A new report out of Harvard, published in the latest edition of the Journal of the American Medical Association, advocates removing dangerously obese children from their homes and putting them in foster care where ostensibly they will lose weight and begin to eat healthily.
Take a moment to let that seep in.
Lindsey “I’m a robot with no feelings” Murtagh, one of the authors of the report, showed her soft side saying, “Despite the discomfort posed by state intervention, it may sometimes be necessary to protect a child.”
Ummm, Linds, I know you’re a super-smart lawyer and all, but let me give you some examples of discomfort: a rock in your shoe, too-tight jeans, accidently rubbing a chili pepper in your eye, watching a movie with an unexpected sex scene with your parents in the room.
Having your child ripped from your home might better be described as agony, horror, torment, misery. And for the child, it is almost certain to be a lasting, scarring trauma.
The study’s co-author, Dr. David Ludwig, says taking away peoples’ children “ideally will support not just the child but the whole family, with the goal of reuniting child and family as soon as possible.”
I have a better and faster way to reunite the family: Don’t take the child away in the first place.
Dr. Ludwig said his “eureka” moment came when he treated a 90-pound, three-year-old. This child lived with her disabled parents who were unable to properly care for her. After being taken from her home, the child lost weight and no longer has symptoms of her obesity-related health problems. This unique case is certainly sad, and perhaps this child is better off outside her home, but these freak cases do not represent the norm upon which policy decisions or recommendations should be made.
The fact that this case compelled these researchers to make these recommendations shows just how obsessed the medical community has become with obesity — trumping even the emotional wellbeing of children. Based on this one case, Ms. Murtagh and Dr. Ludwig have prescribed a solution for severely obese children generally. Ignoring the complexity of the human body and the many causes of obesity, the report’s authors simply assume obese children are fat because parents are negligent.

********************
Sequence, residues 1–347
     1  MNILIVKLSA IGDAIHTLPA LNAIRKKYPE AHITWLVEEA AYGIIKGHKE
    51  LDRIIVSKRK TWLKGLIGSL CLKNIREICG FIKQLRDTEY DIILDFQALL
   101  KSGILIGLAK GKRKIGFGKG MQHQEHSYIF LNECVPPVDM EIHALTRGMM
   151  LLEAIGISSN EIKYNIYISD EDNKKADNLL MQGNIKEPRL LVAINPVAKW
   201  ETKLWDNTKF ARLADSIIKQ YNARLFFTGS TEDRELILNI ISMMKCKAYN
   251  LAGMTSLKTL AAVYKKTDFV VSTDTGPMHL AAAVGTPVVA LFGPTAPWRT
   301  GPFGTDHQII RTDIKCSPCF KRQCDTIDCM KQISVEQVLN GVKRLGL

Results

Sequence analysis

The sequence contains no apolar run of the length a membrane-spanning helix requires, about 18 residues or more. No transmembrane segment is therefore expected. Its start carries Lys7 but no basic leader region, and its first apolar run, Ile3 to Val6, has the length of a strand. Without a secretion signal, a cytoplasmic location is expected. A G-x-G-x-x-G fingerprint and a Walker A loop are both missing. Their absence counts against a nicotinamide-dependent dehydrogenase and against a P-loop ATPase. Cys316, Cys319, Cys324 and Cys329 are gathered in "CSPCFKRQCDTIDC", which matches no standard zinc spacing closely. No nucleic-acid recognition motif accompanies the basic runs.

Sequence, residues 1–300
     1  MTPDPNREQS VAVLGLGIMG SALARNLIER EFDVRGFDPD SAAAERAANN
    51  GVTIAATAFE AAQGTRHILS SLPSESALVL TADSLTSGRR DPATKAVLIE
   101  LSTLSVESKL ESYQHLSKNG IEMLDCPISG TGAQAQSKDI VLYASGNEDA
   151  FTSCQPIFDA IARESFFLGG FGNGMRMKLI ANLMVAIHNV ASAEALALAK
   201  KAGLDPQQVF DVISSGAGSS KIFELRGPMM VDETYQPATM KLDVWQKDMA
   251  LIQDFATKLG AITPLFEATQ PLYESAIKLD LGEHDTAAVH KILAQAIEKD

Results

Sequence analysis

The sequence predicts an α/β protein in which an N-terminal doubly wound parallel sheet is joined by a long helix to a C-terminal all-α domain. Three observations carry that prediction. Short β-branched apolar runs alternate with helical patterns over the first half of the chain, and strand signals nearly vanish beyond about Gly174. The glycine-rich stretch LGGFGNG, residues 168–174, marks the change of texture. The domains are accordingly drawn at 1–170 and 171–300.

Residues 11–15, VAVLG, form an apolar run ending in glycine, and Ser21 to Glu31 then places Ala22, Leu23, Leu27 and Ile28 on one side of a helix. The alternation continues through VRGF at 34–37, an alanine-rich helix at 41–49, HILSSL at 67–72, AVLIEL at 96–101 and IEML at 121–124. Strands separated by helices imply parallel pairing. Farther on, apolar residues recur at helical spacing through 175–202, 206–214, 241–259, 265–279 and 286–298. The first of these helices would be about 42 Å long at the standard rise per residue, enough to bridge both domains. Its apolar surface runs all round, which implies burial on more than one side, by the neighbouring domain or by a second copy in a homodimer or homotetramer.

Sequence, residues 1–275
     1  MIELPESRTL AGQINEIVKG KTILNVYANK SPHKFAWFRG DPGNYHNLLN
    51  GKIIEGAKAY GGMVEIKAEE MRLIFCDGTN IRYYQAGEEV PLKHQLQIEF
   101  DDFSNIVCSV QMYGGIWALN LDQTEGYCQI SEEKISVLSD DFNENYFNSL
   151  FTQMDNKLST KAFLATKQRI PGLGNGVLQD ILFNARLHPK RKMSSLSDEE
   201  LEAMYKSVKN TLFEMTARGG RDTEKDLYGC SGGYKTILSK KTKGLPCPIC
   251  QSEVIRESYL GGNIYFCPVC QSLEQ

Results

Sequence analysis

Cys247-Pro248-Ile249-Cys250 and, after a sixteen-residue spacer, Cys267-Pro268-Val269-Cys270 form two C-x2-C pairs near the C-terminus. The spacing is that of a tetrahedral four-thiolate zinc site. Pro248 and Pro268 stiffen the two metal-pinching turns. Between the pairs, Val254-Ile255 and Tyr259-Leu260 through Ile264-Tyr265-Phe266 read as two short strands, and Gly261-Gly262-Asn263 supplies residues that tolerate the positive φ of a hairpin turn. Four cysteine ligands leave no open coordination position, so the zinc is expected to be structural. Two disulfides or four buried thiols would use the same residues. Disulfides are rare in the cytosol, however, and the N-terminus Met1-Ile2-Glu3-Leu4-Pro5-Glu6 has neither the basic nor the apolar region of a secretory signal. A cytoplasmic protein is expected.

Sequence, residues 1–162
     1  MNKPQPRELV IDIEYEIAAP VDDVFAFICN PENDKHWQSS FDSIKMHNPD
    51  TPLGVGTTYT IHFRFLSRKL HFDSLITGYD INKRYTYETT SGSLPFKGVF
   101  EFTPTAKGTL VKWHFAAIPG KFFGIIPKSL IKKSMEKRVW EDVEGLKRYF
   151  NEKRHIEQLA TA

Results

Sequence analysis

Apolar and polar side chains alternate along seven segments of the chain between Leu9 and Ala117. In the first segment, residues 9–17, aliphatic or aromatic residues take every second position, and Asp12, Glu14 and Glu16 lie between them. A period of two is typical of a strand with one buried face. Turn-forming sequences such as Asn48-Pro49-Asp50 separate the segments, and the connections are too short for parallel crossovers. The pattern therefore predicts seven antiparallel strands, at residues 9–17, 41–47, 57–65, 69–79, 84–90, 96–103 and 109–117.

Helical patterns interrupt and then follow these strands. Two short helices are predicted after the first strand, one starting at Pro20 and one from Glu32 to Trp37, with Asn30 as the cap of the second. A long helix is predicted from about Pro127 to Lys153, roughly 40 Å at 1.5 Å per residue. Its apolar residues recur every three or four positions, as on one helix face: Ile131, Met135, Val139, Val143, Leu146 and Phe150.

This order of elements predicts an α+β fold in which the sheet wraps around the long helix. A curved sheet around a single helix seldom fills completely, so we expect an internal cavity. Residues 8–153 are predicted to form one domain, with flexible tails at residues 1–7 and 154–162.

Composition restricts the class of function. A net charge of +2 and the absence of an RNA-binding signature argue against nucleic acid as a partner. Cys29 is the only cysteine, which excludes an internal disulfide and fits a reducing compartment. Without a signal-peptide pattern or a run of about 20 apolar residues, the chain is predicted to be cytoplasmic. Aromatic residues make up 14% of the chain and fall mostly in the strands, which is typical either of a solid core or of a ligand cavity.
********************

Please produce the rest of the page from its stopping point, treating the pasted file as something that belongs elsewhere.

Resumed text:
We’ve seen this before — the cause of obesity is unhealthy school lunches, it is chocolate milk, sugar, fat, too much salt, fast food, toys in Happy Meals, the lack of physical education programs in schools! Now, it’s negligent parents, and the solution is to take the kids away from mom and dad.
So, where does it end? Should we start rounding up promiscuous girls because their lifestyle can lead to disease, pregnancy, and other traumatic and emotionally difficult events? Should we take away young boys who experiment with drugs because they could move on to a life of drug abuse, crime, and disease?
Parents and the public generally understand that children should only be taken from their homes in the most extreme circumstances. Parents may rarely be perfect, but foster homes aren’t either. Many foster parents are dedicated, loving people trying to do right by the children put in their care, but the system is overwhelmed and understaffed. There’s simply a dearth of good foster homes available to the children who really need them. And sadly, abuse is not uncommon. Some studies suggest that between 20 and 25 percent of children in foster homes experience some form of abuse.
It’s clear that Ms. Murtagh and Dr. Ludwig believe that the worst fate to befall a child is obesity, but they might want to consider this other inconvenient truth about child development: Interfering with the attachment a child feels for their parents can lead to a lifetime of devastating emotional problems.
But who cares . . . at least they’ll be skinny emotional train wrecks.
—Julie Gunlock is a Senior Fellow at the Independent Women’s Forum